Behind The Most Heated Matchup In Bears Training Camp

The receivers and cornerbacks have been getting after it.

LAKE FOREST, Ill. (670 The Score) -- The competition between a receiver and a cornerback is rarely timid. And for Bears assistants Mike Furrey and Deshea Townsend, it's still going.

Furrey, a former NFL receiver, serves as the Bears' wide receivers coach. Townsend, a former NFL cornerback, is the team's secondary coach. Upon the start of full-contact practices Monday amid a truncated training camp that has no preseason games, Furrey and Townsend aimed to create competition between their position groups.

So Furrey and Townsend purchased a WWE title belt -- "It’s an authentic, real belt," Furrey said -- and made one drill each practice a competition between the receivers and defensive backs.

The drill features a receiver and cornerback matched up one-on-one near the goal line and the quarterback seeking a completion. A completed pass is worth one point for the receivers. An incompletion or simulated coverage sack is a point for the defensive backs.

During practice Tuesday, the Bears' receivers earned the title belt, with Furrey carrying it across the field as defensive backs chirped at him. Bears safety Eddie Jackson and Furrey exchanged barbs over their respective hairlines.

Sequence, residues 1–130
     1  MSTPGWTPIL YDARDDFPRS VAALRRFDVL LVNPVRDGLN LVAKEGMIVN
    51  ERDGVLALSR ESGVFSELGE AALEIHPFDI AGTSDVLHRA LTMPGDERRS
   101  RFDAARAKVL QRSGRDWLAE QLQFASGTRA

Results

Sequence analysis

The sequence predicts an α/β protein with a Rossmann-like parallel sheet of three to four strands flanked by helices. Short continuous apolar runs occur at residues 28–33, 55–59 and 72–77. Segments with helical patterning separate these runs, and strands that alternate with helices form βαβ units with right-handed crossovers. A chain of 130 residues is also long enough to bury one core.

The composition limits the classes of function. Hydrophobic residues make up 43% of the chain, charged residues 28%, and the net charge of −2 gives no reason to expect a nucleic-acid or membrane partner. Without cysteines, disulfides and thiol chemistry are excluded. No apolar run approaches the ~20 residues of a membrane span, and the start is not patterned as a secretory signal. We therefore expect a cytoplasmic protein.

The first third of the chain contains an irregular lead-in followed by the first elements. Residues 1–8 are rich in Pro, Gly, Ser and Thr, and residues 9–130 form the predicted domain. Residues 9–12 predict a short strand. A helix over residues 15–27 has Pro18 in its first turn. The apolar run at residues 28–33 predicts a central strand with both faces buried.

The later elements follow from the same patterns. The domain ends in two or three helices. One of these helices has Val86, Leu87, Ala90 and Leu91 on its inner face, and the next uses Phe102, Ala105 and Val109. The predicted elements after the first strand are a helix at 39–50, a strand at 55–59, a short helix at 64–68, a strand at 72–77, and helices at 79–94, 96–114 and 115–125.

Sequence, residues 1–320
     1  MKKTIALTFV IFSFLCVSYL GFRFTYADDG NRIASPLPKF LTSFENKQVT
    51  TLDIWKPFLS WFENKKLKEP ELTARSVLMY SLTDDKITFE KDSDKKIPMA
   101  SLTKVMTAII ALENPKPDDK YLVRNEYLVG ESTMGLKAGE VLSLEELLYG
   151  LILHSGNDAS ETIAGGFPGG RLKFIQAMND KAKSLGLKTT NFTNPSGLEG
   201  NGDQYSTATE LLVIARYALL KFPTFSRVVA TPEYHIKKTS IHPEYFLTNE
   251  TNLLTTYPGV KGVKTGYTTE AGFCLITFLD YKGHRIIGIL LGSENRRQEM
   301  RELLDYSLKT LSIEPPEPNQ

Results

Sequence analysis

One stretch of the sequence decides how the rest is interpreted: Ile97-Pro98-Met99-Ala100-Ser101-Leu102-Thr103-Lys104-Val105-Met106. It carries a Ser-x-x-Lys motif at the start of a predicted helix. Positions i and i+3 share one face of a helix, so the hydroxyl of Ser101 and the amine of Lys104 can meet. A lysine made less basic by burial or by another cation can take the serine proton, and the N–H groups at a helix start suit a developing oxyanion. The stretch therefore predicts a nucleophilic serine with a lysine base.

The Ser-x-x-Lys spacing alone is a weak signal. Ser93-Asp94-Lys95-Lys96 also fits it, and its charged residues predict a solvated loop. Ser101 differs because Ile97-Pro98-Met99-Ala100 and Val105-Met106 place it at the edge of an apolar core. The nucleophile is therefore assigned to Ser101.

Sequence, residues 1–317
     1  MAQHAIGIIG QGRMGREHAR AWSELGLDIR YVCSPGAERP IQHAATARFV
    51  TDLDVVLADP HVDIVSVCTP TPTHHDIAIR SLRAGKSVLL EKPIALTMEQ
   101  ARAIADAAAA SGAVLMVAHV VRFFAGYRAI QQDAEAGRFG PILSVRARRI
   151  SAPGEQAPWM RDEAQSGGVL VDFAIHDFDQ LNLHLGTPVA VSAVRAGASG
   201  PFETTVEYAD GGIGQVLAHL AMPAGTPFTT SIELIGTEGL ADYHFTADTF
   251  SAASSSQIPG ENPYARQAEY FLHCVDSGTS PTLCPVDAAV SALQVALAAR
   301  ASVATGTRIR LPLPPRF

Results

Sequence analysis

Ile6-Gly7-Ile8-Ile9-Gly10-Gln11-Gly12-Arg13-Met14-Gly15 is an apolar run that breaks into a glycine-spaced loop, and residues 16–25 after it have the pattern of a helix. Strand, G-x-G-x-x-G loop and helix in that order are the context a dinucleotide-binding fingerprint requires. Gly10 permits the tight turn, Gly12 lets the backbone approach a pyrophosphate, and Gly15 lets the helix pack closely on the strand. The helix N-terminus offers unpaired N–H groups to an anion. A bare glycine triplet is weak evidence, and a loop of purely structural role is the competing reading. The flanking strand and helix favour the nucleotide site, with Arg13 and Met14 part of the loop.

"Eddie and I have been going at this for three years now," Furrey said with a smile. "We have an unbelievable relationship. We both, obviously, respect each other for who we are. So, that’s why we can go where we go. And it gets people’s attention too. It kind of juices them up a little bit. We want to create that environment out there."

As the Bears receivers came out victorious, Allen Robinson was a force in a one-on-one matchup. Ted Ginn Jr., a 14-year veteran, displayed savvy that drew the attention of the defensive backs. The receivers' run of success ended when Pro Bowl cornerback Kyle Fuller got the best of rookie Darnell Mooney in a matchup.

The competition also featured a bit of controversy, with Furrey's receivers incorporating 6-foot-6 tight end Jimmy Graham, who was a mismatch against the defensive backs.

"Mike Furrey does not coach Jimmy," Townsend said with a laugh. "We need to go back out and grade this thing. If he's going claim tight ends, he needs to switch positions on the title with the Bears."

While the rest of the Bears' roster worked through drills at their respective positions, the competition between the receivers and defensive backs was difficult to ignore. So too were the voices of Furrey and Townsend, who do their best to foster that intensity for their two groups.

Bears coach Matt Nagy found his way to that end of the field to watch his two assistants lead the heated battle. It was what Nagy wants from his team during practicing.

"Why go out there and just be dry and just play football and not have fun while you're doing it?" Nagy said. "I think what you saw was you saw a little bit of trash talk, a little bit of energy, a little bit of juice, a little bit of passion. And that's what we want. It's time that we get back to that. Be who you are."

Chris Emma covers the Bears, Chicago’s sports scene and more for Follow him on Twitter @CEmma670.